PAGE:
Elaeocarpus coorangooloo facts for kids
Quick facts for kidsBrown quandong
Elaeocarpus coorangooloo, commonly known as brown quandong or Coorangooloo quandong, is a species of flowering plant in the family Elaeocarpaceae and is endemic to north-east Queensland. It is a tree with elliptic leaves, white flowers with lobed petals, and spherical fruit.
Elaeocarpus coorangooloo is a tree with elliptic leaves about 70–110 mm (2.8–4.3 in) long and 30–55 mm (1.2–2.2 in) wide with wavy edges. Old leaves turn red before falling. The flowers have sepals less than 14 mm (0.55 in) long and petals 4.5–5.5 mm (0.18–0.22 in) long with thin lobes at the tip, and there are betwen fifteen and twenty stamens. The fruit is a more or less spherical drupe about 12 mm (0.47 in) long and 9 mm (0.35 in) wide.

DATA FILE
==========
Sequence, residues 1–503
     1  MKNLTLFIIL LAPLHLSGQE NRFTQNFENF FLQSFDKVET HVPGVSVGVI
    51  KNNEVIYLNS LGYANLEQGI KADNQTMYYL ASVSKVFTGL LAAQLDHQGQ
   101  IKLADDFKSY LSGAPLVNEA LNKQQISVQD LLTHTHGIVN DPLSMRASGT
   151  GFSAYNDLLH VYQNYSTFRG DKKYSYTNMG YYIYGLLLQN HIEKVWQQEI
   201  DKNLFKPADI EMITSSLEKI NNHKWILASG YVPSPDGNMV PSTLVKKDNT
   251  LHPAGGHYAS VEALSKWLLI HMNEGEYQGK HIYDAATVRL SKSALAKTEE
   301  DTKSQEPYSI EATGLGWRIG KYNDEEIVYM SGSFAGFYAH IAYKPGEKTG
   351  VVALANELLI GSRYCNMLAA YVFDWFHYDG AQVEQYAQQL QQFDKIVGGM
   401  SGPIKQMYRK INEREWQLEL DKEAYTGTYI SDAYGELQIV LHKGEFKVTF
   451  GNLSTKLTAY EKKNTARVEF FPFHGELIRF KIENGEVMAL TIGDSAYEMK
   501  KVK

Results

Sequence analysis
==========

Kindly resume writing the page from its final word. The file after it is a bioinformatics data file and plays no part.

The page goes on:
Elaeocarpus coorangooloo was first formally described in 1917 by John Frederick Bailey and Cyril Tenison White in the Botany Bulletin of the Department of Agriculture, Queensland, from material collected by H.W. Mocatta in the Atherton district.
Distribution and habitat
Elaeocarpus coorangooloo is endemic to north-east Queensland, where it is only known from the Windsor Tableland and near Paluma, growing in dry rainforest at altitudes of 700–1,000 m (2,300–3,300 ft).
Brown quandong is listed as "near threatened" under the Queensland Government Nature Conservation Act 1992.
Elaeocarpus coorangooloo Facts for Kids. Kiddle Encyclopedia.